Defence organisation Finmeccanica’s FuturePlanner pension scheme, which was set up in 2007, has 2,500 members, with administration provided by Aon Hewitt and investment services provided by P-Solve on a fiduciary basis through Skandia as the investment platform.
The scheme currently has five trustees, two of whom are nominated by members through Finmeccanica’s pension consultative committees. The trustees meet at least quarterly, receive regular administration and management reports and check the scheme’s progress against an annual business plan.
Mike Nixon, head of pensions at Finmeccanica, says: “We support The Pensions Regulator’s efforts because we believe good governance can make a positive difference to outcomes, particularly for members in default options.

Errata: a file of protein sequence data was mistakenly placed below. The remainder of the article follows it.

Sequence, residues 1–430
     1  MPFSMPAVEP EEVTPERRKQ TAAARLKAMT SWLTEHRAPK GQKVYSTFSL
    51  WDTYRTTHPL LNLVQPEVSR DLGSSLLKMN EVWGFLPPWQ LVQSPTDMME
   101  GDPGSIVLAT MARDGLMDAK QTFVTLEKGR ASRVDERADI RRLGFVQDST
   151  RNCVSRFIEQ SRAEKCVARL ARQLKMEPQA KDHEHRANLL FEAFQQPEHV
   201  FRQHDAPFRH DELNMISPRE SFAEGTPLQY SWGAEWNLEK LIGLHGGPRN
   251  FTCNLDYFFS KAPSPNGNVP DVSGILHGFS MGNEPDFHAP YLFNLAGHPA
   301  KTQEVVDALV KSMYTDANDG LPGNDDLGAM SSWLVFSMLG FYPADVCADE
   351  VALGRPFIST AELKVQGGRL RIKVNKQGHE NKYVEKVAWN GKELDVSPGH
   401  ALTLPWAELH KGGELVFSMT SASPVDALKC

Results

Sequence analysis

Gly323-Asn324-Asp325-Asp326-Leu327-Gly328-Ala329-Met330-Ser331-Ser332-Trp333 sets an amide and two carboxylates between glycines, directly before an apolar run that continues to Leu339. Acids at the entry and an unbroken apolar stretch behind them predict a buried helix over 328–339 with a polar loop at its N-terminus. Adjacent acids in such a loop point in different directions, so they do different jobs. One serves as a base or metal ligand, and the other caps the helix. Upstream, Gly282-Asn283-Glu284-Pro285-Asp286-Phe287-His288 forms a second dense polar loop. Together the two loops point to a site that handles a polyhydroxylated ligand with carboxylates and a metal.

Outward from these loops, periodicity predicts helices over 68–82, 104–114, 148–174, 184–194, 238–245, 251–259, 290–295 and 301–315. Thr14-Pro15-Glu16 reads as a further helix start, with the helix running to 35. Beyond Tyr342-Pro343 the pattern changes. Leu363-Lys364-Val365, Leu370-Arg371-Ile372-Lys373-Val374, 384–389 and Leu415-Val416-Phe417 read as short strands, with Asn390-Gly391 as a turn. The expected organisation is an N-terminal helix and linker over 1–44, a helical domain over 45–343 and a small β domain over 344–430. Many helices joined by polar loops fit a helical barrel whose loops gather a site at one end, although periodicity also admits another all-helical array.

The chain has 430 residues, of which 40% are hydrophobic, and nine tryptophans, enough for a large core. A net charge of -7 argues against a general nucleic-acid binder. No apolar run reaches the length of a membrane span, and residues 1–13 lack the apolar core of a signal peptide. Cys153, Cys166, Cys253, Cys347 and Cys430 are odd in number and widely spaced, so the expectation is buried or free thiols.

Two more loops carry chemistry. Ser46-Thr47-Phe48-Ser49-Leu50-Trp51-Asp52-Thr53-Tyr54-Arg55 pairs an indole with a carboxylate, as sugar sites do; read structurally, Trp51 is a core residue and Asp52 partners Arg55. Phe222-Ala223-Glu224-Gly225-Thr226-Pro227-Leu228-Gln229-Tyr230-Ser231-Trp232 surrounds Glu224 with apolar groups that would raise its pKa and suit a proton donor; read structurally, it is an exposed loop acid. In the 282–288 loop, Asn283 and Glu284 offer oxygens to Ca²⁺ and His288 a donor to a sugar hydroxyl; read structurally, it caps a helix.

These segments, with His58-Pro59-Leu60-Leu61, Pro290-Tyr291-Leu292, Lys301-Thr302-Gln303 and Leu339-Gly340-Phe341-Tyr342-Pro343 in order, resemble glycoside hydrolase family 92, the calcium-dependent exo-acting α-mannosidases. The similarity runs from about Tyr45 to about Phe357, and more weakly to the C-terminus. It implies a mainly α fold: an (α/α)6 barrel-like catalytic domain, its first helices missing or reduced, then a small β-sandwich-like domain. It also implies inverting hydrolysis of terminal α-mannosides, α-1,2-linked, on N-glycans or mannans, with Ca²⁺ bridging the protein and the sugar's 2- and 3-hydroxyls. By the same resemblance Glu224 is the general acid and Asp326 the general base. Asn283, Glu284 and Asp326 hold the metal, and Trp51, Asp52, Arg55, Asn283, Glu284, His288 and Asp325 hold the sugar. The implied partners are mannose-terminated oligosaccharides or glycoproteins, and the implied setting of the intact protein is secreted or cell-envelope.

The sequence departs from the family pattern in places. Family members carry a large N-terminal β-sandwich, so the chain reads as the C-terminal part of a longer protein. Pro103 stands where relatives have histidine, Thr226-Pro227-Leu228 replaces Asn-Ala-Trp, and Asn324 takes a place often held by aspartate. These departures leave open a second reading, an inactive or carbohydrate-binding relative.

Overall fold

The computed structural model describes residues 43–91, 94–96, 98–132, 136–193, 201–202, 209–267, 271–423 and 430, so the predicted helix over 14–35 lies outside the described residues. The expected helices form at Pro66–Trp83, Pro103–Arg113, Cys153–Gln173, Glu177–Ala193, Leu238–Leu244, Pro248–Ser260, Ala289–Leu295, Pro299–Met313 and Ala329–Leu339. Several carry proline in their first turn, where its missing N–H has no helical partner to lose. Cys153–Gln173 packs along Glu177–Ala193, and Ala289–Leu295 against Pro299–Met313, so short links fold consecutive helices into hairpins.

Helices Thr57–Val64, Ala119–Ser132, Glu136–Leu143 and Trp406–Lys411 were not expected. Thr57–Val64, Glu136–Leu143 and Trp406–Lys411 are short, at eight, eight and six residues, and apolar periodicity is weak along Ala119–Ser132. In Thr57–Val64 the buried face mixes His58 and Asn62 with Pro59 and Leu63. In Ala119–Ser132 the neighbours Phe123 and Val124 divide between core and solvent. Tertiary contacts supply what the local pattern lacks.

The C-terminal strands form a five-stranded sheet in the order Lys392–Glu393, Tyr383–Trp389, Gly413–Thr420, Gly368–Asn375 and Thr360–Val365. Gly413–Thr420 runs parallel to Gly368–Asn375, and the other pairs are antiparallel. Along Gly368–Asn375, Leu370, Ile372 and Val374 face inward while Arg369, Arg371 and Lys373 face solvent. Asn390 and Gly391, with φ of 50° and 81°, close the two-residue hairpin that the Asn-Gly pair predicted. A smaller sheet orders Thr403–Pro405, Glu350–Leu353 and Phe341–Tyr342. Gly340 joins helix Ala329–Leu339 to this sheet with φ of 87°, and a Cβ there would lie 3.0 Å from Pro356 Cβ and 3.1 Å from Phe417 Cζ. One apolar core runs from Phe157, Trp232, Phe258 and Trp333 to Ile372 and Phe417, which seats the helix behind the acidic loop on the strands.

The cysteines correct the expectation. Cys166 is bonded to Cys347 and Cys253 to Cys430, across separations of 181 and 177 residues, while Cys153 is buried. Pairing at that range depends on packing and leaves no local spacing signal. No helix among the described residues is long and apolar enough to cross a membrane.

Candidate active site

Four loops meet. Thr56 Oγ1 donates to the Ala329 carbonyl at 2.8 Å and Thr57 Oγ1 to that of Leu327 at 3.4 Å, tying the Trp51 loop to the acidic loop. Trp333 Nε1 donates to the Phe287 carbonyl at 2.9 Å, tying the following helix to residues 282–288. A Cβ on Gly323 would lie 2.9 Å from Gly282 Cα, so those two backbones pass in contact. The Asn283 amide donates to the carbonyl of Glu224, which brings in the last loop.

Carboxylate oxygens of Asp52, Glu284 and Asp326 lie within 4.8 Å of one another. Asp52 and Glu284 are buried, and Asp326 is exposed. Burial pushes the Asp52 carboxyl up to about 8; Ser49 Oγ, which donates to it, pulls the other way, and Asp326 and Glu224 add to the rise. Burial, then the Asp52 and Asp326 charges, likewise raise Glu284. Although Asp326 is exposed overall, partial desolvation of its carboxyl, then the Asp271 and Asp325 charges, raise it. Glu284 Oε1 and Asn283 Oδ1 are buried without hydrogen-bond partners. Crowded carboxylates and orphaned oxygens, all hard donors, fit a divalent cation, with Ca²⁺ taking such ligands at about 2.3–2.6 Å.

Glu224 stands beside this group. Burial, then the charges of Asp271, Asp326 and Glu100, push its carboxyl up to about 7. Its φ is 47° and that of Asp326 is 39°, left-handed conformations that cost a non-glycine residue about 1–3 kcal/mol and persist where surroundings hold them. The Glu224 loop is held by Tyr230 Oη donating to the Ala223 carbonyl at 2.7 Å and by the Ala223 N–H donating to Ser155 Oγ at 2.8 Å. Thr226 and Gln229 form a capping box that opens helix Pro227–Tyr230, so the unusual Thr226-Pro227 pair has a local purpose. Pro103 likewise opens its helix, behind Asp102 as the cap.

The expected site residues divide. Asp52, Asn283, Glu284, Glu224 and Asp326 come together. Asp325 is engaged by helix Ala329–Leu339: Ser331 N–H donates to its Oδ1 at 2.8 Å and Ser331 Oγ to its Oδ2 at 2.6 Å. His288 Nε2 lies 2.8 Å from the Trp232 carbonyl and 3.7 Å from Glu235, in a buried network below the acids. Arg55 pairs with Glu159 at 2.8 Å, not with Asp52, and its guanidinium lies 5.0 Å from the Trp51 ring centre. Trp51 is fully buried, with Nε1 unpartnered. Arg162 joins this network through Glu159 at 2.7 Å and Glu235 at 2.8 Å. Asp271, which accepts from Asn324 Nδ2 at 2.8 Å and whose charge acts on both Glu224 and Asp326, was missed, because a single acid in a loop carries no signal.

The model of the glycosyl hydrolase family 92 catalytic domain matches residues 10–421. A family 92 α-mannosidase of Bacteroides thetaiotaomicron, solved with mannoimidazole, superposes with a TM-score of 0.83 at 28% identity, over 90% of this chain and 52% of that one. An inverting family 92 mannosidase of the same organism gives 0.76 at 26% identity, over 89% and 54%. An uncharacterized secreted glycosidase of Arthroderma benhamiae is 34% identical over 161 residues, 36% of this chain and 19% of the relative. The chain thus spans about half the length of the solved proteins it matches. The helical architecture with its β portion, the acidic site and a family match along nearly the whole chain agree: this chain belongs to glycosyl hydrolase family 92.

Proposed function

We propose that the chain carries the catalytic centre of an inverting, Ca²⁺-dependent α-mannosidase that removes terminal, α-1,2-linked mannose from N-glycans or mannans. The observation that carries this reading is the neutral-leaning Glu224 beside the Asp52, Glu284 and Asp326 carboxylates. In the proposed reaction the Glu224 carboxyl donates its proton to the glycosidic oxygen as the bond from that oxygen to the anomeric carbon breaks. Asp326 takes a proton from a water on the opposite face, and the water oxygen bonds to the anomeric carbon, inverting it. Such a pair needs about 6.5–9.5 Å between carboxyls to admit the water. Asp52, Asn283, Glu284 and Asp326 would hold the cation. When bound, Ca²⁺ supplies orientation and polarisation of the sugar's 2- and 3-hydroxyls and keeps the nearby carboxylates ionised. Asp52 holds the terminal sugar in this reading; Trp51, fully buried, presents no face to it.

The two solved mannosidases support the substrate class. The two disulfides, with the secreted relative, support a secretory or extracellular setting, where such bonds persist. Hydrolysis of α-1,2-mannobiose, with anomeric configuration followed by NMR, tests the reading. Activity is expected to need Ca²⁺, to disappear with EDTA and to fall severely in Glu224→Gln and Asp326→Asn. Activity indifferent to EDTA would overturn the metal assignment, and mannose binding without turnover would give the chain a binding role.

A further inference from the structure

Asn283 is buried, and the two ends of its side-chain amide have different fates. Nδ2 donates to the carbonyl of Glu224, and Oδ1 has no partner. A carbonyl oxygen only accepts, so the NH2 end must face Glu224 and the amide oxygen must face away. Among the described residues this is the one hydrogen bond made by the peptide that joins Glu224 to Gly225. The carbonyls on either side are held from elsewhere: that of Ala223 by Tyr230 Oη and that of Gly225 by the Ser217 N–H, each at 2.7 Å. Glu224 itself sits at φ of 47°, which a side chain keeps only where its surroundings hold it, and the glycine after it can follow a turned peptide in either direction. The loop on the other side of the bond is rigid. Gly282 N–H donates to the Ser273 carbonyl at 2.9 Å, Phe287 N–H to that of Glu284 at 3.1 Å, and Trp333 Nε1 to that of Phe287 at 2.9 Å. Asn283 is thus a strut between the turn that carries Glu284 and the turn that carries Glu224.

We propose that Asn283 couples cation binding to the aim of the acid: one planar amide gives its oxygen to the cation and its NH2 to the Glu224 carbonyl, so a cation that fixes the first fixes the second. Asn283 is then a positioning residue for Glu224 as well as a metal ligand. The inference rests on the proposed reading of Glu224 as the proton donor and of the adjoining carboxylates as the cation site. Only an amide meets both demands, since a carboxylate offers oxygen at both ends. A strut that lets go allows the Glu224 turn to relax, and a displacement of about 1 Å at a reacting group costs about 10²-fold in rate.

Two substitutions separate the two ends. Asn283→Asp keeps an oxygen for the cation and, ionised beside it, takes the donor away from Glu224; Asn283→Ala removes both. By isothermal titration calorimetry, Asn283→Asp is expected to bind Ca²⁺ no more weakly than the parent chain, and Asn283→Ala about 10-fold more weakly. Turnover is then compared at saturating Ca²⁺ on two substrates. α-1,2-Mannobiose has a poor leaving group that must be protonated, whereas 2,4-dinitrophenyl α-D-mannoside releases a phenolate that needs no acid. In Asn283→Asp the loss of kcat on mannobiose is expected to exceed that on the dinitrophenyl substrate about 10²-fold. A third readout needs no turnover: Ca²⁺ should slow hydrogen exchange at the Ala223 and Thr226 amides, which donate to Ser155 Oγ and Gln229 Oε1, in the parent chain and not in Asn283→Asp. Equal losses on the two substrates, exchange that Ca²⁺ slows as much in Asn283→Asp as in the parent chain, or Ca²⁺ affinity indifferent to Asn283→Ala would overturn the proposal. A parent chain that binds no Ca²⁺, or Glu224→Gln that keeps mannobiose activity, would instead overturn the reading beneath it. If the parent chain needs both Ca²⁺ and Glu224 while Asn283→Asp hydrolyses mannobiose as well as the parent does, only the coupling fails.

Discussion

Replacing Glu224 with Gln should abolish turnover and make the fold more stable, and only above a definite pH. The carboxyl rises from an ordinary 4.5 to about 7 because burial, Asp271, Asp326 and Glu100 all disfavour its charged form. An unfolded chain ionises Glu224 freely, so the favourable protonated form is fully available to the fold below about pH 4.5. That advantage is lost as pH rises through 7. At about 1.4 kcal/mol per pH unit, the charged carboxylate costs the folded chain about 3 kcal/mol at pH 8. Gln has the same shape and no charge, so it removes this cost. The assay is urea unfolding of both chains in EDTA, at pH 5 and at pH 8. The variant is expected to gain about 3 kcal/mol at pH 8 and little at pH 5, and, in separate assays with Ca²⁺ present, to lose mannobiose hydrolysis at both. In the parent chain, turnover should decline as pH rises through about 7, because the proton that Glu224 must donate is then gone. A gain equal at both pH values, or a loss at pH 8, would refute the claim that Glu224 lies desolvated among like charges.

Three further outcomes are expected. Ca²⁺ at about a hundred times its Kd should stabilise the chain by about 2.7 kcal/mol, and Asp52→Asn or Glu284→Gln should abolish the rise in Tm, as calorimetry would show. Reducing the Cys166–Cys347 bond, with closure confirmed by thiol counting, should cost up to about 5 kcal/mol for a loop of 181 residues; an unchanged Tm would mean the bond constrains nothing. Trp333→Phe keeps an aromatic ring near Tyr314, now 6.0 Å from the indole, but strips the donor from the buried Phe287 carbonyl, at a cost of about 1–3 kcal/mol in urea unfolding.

“We have found it helpful to share ideas and experiences across all our schemes and apply a consistent standard of governance for both defined contribution (DC) and defined benefit (DB) assets.
“However, I am a little concerned at the volume of current governance initiatives and the risk of overwhelmed fiduciaries reverting to box-ticking rather than considered responses.”
Finmeccanica is also the ultimate sponsor of the Selex and AgustaWestland pension schemes which, last year, launched a series of four blended funds as part of an overhaul of their additional voluntary contribution (AVC) investment options, to smooth out volatility for members. “We are giving them the kind of skillset that has also been deployed for the main assets,” says Nixon.
Although a governance committee will become a requirement for pension providers under the Association of British Insurers’ code, Nixon believes there are good reasons for employers to run the committee. “Pensions are an expensive and important employee benefit,” he says. “It makes sense to me for employers to make the most of their investment by ensuring the scheme is well governed and properly appreciated by the members.”